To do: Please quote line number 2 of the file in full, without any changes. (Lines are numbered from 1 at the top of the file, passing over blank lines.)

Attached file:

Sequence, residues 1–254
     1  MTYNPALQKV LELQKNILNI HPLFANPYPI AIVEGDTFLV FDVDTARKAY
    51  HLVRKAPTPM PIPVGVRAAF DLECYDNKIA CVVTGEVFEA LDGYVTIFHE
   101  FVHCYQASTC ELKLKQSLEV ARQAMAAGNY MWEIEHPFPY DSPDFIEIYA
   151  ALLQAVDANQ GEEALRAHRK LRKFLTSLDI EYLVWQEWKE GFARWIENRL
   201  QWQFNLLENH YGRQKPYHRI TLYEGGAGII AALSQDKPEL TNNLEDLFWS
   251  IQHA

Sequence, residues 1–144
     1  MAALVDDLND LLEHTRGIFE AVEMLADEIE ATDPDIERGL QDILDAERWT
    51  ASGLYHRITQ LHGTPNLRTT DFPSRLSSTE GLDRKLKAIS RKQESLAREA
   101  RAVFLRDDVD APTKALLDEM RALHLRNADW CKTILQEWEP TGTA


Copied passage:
     1  MTYNPALQKV LELQKNILNI HPLFANPYPI AIVEGDTFLV FDVDTARKAY